They’re standing on sidewalks. Do they know “coal is used as a key energy source in cement production” and “by-products of coal combustion, such as fly ash, also play an important role in cement manufacture and the wider construction industry”?

Though boycotting Hotty Hot pants is undoubtedly THE most pressing sociopolitical challenge facing our world today, why stop there? Why not add cars — smart, hybrid, electric included — to the list? After all, “Virtually every car on the road is formed primarily of steel, including its chassis and body.” Oops. Better throw bicycles on the do-not-buy list, too, as “Steel is the most commonly used material in bike frames.”

What else can we spend the workday protesting? How about toothpaste, carbon fiber fishing rods and tennis rackets, makeup, and kidney dialysis machines? Oh, electricity, too: “Coal remained the dominant fuel for power generation in 2019, reaching 37 percent of global electricity production.” I hate to break it to you guys, but the blades of those wind turbines you so love are also made of…steel.

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Now, back to the hardworking men who spend their days building, mining, and producing materials so that yogis in Vancouver can stand outside with their Starbucks and complain about a pair of luxury booty shorts they could buy anywhere.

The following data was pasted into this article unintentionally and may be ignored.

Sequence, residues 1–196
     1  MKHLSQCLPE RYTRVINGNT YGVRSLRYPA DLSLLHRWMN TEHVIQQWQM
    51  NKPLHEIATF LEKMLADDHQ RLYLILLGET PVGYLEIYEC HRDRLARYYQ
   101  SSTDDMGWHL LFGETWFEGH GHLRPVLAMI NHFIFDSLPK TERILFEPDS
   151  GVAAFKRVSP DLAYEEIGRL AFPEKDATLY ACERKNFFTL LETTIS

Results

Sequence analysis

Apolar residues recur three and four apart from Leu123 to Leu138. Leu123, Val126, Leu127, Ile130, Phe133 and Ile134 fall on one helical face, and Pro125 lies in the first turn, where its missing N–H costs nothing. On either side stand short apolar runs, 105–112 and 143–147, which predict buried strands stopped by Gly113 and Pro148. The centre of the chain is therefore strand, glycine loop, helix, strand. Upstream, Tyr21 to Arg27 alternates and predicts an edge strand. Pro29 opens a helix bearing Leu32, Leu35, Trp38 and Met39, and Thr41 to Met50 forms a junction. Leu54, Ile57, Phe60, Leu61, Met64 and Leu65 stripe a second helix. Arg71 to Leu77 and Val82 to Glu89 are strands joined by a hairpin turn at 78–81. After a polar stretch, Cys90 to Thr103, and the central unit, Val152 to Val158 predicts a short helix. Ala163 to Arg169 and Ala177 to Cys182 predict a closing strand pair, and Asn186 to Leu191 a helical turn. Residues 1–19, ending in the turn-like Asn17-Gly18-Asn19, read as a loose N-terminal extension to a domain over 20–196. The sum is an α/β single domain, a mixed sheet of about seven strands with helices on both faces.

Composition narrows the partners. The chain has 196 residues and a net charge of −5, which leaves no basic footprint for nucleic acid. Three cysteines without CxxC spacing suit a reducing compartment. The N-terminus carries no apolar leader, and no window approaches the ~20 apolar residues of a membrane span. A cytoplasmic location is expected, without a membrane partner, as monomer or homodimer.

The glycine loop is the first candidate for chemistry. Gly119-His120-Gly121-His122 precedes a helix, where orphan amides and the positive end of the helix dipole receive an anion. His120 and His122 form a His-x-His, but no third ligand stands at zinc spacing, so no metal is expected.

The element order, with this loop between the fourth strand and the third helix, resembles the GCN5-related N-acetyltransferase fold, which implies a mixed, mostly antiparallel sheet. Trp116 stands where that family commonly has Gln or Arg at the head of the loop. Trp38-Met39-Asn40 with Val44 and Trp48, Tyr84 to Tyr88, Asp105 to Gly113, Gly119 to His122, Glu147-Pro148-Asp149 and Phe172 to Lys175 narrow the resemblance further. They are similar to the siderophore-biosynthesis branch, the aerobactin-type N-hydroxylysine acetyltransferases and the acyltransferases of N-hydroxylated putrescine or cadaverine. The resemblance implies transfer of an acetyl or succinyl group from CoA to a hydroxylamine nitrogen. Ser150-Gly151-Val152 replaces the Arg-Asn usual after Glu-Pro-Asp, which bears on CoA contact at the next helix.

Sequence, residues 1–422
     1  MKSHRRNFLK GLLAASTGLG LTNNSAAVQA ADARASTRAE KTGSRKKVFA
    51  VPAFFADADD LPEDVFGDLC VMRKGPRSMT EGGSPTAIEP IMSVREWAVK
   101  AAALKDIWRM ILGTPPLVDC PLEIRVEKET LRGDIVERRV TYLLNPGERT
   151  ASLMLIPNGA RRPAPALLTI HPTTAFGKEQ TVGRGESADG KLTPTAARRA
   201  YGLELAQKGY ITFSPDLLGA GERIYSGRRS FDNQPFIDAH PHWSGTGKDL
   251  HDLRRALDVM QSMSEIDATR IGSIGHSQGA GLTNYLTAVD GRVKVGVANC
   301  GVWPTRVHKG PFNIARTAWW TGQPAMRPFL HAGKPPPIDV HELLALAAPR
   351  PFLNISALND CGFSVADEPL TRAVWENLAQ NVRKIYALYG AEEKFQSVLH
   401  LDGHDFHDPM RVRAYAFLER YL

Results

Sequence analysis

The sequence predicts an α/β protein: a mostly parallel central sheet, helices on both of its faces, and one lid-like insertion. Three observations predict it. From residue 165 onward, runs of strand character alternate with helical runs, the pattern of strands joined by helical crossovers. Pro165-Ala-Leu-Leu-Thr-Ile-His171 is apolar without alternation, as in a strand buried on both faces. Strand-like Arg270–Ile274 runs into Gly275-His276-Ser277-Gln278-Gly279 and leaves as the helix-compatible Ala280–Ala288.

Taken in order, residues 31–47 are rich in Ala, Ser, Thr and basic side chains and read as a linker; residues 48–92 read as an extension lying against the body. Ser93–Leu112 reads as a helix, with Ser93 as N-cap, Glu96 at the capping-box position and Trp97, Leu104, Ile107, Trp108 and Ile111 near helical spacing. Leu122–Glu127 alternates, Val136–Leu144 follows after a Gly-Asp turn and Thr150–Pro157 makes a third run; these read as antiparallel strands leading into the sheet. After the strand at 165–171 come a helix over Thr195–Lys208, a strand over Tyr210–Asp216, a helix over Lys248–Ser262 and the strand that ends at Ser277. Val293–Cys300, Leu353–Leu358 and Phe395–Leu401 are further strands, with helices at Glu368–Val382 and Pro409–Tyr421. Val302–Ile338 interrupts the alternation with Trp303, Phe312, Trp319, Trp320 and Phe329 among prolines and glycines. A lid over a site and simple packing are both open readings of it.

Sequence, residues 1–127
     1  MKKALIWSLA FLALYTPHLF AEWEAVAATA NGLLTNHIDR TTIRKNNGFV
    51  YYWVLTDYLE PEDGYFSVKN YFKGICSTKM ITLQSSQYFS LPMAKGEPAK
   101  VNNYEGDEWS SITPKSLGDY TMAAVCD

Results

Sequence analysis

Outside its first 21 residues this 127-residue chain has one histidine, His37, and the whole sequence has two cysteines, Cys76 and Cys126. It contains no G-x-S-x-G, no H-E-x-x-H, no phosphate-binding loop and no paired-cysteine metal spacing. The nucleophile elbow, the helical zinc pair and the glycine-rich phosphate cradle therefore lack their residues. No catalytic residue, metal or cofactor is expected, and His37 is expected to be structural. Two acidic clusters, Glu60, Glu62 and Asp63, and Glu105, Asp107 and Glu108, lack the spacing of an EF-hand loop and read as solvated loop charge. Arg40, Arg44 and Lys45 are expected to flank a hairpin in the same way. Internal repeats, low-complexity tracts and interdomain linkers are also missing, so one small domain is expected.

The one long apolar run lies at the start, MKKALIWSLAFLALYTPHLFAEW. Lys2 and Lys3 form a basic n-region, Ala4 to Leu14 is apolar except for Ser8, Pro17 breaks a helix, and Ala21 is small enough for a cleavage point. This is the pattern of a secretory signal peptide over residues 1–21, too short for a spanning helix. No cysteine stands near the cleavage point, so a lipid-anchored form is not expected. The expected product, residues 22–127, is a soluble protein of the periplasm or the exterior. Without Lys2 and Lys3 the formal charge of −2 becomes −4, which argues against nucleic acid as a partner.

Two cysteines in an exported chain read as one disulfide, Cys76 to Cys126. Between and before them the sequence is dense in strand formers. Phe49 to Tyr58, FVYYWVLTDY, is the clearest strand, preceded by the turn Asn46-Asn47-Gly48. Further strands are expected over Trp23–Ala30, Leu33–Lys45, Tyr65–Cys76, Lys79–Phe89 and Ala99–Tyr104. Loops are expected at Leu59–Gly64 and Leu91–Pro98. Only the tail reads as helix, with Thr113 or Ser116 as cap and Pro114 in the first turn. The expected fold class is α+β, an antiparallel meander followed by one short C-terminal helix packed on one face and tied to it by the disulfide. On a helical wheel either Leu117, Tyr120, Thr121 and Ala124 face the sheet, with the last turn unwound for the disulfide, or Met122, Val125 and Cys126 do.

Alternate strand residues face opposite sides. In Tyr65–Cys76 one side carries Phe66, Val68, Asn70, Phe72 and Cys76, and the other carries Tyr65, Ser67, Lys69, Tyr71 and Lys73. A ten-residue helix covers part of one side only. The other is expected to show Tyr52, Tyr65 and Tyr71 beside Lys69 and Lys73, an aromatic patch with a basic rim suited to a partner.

“I don’t think they want to know about coal and coal-mining, how to use coal in a clean manner, anything like that,” the good-old-boy owner of a company that makes deep mine shuttle cars told me. “If coal was free, there was never any pollution — they couldn’t care less. This green energy [agenda] is not about cleaning up the air, it’s about taking control of the people, because the more they can convince certain people coal and fossil fuels are all bad, the more people will vote the liberals back in. We’re seeing where the liberal party is going, and we’re going to end up being a socialist country. People are being brainwashed day by day, and they don’t even realize it.”

How’s that for hitting the proverbial explosive on the detonator with a pickaxe?